Tuesday, January 15, 2013
FDA Warns St. Jude Medical About Manufacturing and Quality Control Problems
The Wall Street Journal (1/15, Weaver, Subscription Publication, 2.29M) reports St. Jude Medical, in a regulatory filing Monday, said it had received a warning letter from the Food and Drug Administration about problems related to the manufacturing practices and quality-control methods used at its heart-rhythm unit in Sylmar, California, where its Durata defibrillator leads are manufactured. In the warning letter, the FDA says it will refrain from approving any new heart-device lines produced at the Sylmar facility until St. Jude provides documentation, showing it has corrected the problems adequately.
According to the AP (1/15), St. Jude said in the regulatory filing that it is "working to correct the problems" at the California plant, and it "does not expect the citation to affect its financial results." The St. Paul, Minnesota-based medical device manufacturer also pointed out that FDA did not ask the company to "recall any products," and that the agency is allowing it to "continue manufacturing and shipping products" from the Sylmar facility.
Bloomberg News (1/15, Edney, 1M) adds that FDA warning letter, which was dated Jan. 11, "doesn't affect its Durata cable used for defibrillators or any of the company's other medical products," St. Jude said in the SEC filing.
Reuters (1/15) notes that in October, St. Jude issued a statement saying it was expecting the FDA warning letter after agency inspectors noted inconsistencies both in the way the company manufactured the defibrillators, and how it documented the production process at the Sylmar facility.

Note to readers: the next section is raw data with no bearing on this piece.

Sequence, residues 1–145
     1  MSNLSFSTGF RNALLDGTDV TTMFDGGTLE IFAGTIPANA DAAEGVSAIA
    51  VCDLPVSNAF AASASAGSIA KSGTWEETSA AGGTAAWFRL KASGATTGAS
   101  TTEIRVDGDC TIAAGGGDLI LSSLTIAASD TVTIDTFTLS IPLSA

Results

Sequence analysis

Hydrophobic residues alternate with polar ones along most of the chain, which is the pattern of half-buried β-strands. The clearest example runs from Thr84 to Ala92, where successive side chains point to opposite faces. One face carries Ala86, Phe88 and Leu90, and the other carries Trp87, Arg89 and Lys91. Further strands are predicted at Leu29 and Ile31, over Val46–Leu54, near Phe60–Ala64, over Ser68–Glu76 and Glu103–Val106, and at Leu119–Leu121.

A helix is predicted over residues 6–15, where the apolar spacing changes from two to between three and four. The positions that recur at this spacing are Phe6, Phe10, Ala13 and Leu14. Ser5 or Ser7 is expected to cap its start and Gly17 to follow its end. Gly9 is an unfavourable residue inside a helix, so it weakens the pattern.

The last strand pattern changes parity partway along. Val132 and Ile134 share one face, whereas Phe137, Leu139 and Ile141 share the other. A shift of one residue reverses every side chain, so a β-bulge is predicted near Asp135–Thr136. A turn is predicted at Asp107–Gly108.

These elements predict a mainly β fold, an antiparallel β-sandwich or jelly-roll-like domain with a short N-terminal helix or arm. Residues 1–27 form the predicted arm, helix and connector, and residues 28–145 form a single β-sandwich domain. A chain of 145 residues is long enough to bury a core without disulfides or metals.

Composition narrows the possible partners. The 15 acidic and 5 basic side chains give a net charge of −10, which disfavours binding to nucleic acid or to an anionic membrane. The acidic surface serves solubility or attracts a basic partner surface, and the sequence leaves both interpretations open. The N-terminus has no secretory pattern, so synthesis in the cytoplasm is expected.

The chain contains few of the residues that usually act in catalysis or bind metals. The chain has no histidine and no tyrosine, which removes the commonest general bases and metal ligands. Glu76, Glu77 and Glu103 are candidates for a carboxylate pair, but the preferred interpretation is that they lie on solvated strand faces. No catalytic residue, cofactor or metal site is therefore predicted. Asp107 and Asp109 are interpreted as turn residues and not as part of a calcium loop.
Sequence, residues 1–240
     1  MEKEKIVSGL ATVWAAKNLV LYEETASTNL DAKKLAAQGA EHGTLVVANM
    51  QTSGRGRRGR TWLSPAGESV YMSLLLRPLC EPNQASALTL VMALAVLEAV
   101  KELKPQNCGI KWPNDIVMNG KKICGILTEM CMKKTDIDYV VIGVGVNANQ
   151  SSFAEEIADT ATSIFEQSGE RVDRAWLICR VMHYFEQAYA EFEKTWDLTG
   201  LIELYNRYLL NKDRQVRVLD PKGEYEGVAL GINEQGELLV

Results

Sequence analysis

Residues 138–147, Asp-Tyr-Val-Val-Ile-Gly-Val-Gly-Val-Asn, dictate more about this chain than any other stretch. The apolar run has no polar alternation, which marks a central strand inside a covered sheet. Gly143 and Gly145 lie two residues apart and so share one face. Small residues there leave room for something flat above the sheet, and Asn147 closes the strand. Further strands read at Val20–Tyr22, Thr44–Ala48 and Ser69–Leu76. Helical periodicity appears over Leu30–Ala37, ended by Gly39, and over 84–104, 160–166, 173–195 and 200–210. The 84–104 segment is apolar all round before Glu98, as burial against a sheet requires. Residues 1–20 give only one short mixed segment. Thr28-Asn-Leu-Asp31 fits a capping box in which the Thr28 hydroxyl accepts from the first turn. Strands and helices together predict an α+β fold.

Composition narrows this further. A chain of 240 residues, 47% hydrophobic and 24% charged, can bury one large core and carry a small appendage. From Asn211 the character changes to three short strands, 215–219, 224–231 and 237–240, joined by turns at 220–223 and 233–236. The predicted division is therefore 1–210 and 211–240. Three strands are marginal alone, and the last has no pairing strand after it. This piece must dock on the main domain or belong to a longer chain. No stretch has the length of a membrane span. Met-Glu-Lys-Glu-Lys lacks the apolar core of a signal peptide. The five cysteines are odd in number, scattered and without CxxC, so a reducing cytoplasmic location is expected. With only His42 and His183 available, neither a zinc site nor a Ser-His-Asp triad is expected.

The Minneapolis Star Tribune (1/15, Walsh, 335K) says FDA inspectors conducted the audit at the facility "from Sept. 25 to Oct. 17, 2012," after which, they promptly filed Form 483 detailing production violations, such as the "number of tests performed on Durata leads and the facility's record-keeping." Additionally, the Star Tribune notes that St. Jude "did not release a copy" of the Jan. 11 warning letter, and it is not yet available on the FDA's website, but spokesperson Sarah Clark-Lynn said it will be made public the next time the agency posts documents online.
Meanwhile, Minnesota Public Radio (1/15, Moylan) on its website quotes Morningstar analyst Debbie Wang as saying, "We don't think this FDA warning letter is a big deal for St. Jude because the firm does not currently have any major products from the Sylmar facility awaiting regulatory approval." Wang also emphasized that the FDA did not include any safety-related concerns in the Jan. 11 warning letter; and she noted that St. Jude is presently, conducting business "as usual."